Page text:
Is there an area you haven’t photographed but wish you could?
My bucket list for Canada is extensive! In the next few years I would love to travel to the Queen Charlotte Islands (now called Haida Gwaii), the Canadian High Arctic, Labrador, Sable Island, the Caribou region of British Columbia, many of the mountain parks in British Columbia, The Athabasca Dunes, The Mingan Archipelago, The Magdeleine Islands, Anticosti Island, Great Bear Forest, the caves along Lake Superior, remote islands in Georgian Bay, and the list goes. In a lifetime, I doubt I could explore all of these places.
What are your favorite conditions to photograph in?
Conditions of fog and hoarfrost are perhaps my favourite conditions to photograph in. I love the simplicity and a sense of mystery and magic they offer.
And you’re least favourite?
I find windy conditions to be the most challenging. Having said that, one can also use wind to show movement. While cold winter conditions can be challenging, one can usually dress for them.
What are currently working on?
Now that the Ontario book is complete, I am beginning to focus my attention on a second Canada book for Canada’s 150th anniversary in 2017. I have already started to assemble some of the images but I will keep photographing until the very end. I travel frequently to various regions of the country to always have a fresh selection of photographs for my calendar clients. I am also trying to break into the fine art market in the next few years.
What are your thoughts about copyright and photography in a digital world?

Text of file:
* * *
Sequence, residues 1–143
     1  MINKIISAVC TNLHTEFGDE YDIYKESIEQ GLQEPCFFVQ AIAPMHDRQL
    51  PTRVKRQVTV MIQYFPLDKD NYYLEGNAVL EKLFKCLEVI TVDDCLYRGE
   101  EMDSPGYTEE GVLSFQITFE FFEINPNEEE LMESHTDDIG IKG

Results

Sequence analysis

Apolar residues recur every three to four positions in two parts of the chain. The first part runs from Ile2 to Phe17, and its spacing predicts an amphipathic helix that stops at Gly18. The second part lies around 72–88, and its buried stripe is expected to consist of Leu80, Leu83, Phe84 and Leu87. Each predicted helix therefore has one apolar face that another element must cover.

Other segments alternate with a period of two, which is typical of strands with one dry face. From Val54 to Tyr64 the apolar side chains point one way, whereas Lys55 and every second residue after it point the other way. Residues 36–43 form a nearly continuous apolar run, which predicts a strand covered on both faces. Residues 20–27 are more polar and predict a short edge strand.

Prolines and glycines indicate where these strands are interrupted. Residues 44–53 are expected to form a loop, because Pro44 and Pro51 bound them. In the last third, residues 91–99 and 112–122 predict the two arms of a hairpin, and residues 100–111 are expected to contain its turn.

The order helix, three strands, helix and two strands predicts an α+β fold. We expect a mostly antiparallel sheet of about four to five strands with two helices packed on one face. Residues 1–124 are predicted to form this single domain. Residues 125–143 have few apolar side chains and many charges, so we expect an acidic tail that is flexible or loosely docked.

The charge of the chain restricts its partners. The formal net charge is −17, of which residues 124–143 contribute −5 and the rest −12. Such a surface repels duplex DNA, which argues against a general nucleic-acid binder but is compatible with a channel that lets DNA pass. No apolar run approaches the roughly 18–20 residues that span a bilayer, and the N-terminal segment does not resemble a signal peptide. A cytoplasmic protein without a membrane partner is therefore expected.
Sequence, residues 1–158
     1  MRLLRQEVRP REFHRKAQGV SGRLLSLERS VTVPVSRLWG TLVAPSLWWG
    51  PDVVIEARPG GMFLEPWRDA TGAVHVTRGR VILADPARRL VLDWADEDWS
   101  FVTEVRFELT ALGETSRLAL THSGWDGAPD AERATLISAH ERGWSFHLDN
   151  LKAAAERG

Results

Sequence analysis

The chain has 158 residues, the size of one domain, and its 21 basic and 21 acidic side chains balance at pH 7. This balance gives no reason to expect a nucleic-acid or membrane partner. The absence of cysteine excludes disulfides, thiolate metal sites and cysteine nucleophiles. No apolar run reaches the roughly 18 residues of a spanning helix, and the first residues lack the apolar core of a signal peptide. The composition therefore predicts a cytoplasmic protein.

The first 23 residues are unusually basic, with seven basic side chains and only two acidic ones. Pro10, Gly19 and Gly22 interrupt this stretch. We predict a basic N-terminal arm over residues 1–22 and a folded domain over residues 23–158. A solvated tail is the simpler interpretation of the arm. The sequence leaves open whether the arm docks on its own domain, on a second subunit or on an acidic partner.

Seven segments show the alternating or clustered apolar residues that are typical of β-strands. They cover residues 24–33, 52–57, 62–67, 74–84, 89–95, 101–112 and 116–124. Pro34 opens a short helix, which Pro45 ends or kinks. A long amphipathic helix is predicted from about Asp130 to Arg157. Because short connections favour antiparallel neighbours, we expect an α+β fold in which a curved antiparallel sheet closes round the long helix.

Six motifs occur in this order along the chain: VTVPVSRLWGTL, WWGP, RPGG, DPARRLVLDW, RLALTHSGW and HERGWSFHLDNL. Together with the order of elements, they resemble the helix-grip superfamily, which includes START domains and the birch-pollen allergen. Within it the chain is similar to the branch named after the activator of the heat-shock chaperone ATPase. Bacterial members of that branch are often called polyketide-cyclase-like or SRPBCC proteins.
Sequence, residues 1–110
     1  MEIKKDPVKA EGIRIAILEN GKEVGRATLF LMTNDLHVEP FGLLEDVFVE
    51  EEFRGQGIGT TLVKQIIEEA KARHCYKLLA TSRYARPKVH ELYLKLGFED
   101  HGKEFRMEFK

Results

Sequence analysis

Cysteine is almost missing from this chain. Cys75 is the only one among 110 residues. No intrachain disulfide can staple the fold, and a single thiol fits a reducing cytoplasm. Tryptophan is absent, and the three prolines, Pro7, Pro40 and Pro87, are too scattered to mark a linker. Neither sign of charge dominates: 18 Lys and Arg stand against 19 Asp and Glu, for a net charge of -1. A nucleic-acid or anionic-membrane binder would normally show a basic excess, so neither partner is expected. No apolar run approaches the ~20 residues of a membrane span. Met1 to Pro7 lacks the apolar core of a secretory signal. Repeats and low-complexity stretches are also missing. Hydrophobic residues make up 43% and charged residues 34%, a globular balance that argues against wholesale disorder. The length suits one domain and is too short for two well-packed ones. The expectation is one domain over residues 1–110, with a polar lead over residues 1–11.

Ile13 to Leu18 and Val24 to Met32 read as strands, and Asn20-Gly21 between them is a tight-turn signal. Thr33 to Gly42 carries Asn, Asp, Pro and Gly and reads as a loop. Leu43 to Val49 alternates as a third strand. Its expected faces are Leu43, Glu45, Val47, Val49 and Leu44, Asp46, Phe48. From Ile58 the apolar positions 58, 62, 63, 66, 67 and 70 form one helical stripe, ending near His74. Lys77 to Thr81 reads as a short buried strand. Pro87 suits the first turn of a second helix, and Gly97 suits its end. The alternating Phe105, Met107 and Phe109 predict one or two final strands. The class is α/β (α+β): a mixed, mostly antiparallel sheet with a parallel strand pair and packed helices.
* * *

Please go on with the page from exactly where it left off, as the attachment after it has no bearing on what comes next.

I am a firm believer in copyright and artworks should belong and remain with the artists. Of course, negotiations between artists and clients can modify those rights. The erosion of artist rights is a major issue facing us today. This erosion also tends to limit or reduce an artist’s ability to make a comfortable living. Often, I find my own images on the web have been ‘stolen’ by Flickr members who have even had the audacity to call the images their own, even if my copyright symbol is boldly displayed on their own site! A lawyer can usually bring a little fear in their world! Social media has its positive side but it is also very time consuming, to speak nothing of the impersonal nature it has.
And now a few fun questions:
Are you a habitual consumer of anything while you process photos? How about when you draft articles about photograph?
When I write, I usually like it quiet in order to concentrate on the task ahead. A freshly brewed cup of fine coffee is always welcome but I do keep it to 3 cups a day. While processing images, some fine, eclectic music often complements the work. A glass of fine wine or imported beer, or even a fine cup of coffee, makes reading or browsing through a beautiful book an even more enjoyable experience.
Favourite music to listen to while you process and edit your images?
I love almost any genre of music, as long as it is well done. I have a soft spot for folk music and today we enjoy an incredible variety and selection of Canadian indy music. I also enjoy jazz very much, especially when I’m on the road!
If you could not be a professional photographer, what career might you have?
Previous to my photography career, I worked in the biological sciences and I enjoyed that very much. I miss the people I worked with for so many years. It was because of the lack of creativity that I left science for photography but my experience in understanding science has also helped me tremendously in my photography career. If I could not be a professional photographer, I could easily have been involved in music somehow. I dabbled with the guitar for awhile but I was never very good at it. But I am an expert listener! My ‘first love’ was probably music!